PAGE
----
Even worse, if I bumped into someone randomly, I had to carefully choose my words during small talk. Just to give you an example, if someone were to ask me how I was doing, my initial reaction would be to with “Eryting cool”, but this clearly isn’t the most professional way to respond, so I’d have to train myself to respond with “I’m doing well”. It might not seem like such a big deal, but when you’re having a long, drawn out conversation that you weren’t expecting, it can cause severe anxiety because I’m scared something will slip out.
To cope with this, I’ve created a rather obsessive system that seems over-the-top, but it works for me. I literally create conversations in my head with everyone that I think I might run into, and memorize questions and answers that I’ll either want to ask or answer. For example, if I’m on Instagram and notice that a friend of mine won an award at work, I’ll save this information so that if I ever run into them, I can say something along the lines of “Congratulations on that award!” This is a much simpler example than what actually goes on in my head, but it should give you an idea on how my brain works.
So the real question is, how does this social anxiety relate to my photography business, and how do I deal with it. We'll, let’s start off by saying it certainly isn’t easy. Every time my phone rings from an unknown number, my heart drops because I’m not sure who is on the other line. Is it a client looking to book me? Is it a model that wants to know when her photos are going to be ready? Is it an agency that’s following up on an email I sent them? All of these thoughts race through my head, making me stress about the situation before I even get to answering the phone. Then, once I do answer, if it’s a situation that totally caught me off-guard, and a client is asking a rather challenging question, I now have to come up with an answer, and put it into words that will come off as professional.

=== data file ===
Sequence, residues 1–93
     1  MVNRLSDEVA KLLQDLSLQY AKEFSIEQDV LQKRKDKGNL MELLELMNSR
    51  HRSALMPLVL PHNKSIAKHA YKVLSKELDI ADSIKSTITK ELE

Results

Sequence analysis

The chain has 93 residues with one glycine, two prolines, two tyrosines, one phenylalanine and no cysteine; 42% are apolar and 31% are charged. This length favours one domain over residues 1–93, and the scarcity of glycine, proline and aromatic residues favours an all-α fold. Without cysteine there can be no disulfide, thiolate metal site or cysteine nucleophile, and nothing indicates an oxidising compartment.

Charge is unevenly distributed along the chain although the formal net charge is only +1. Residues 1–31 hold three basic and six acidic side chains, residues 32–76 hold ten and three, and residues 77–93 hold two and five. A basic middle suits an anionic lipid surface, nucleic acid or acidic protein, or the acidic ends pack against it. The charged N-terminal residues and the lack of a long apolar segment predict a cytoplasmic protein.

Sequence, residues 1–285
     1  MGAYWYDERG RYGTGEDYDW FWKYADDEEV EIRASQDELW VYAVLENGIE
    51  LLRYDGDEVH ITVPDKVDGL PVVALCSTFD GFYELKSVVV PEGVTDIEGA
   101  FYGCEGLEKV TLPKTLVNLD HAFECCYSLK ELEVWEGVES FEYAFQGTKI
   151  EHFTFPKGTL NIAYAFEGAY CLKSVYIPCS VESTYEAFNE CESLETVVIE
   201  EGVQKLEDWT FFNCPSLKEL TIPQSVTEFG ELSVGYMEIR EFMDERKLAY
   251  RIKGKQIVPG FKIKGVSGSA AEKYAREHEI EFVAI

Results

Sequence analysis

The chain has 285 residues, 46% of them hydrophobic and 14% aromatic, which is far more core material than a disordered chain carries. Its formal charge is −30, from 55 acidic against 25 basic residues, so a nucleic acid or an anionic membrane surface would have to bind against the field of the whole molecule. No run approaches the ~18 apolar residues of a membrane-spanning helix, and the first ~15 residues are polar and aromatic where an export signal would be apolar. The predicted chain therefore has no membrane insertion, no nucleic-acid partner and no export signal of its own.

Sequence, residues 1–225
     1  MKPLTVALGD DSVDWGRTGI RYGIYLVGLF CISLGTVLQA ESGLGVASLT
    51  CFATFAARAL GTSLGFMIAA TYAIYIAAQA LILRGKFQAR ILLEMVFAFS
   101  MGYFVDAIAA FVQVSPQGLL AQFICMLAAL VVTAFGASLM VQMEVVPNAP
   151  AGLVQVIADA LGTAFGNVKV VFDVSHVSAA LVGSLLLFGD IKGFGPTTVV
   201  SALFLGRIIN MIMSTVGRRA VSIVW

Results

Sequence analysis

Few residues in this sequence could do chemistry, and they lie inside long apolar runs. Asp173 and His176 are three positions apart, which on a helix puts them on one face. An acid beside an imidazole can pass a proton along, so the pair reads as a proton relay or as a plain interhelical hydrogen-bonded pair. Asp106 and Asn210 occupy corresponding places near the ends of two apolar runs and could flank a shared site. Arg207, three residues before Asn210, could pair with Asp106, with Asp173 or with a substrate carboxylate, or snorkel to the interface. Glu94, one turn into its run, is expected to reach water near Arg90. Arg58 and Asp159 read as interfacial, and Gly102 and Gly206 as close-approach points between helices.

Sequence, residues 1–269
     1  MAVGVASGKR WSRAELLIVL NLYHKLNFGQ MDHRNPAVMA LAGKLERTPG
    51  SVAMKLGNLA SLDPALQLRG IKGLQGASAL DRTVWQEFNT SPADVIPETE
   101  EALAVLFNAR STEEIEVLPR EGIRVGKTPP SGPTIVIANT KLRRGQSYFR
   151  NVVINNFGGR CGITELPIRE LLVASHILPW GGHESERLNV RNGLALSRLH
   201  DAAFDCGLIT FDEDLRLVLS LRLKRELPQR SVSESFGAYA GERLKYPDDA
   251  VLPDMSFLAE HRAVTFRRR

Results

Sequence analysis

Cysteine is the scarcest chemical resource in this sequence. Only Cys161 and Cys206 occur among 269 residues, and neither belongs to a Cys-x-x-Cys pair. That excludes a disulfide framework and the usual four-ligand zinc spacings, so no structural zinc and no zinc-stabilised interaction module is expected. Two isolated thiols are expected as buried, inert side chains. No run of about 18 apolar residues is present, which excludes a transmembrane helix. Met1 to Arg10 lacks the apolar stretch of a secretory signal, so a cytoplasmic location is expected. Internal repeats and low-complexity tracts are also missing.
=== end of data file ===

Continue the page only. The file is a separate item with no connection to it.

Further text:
Then comes actually working with clients on location, which is always a struggle for me. Without fail, 2 hours before every shoot, I have a panic attack. What are we going to talk about for 2 hours? How am I going to get them to feel comfortable in front of the camera? Will we be able to connect on any subject? Will I be able to provide the quality photos they’re expecting from me? All of this races in my head, and I’d be lying if I said I weren’t wishing they would postpone last minute. As bad as it sounds, it’s the truth, and it’s something I deal with before every shoot.
I wish I knew how to get over the anxiety, because truth be told, I have met some truly amazing artists through photography. I’ve made so many lifelong friends through my passion, and it’s great that I have the opportunity to meet these people, even if it terrifies me. It’s just sad that even though I know how amazing these social interactions can be, they still scare me to death, and you know what? That’s totally fine. It’s something I’ve been dealing with for years, and I know I just have to suck it up and do what I have to.
Do you experience social anxiety? I’m curious to see if anyone else goes through this. It might make me feel better to know that I’m not alone in this regard. If this is something you do experience, please leave a comment on how you’ve dealt with it over the years. I’d love to get some advice or stories on your experience with it!
Until next time,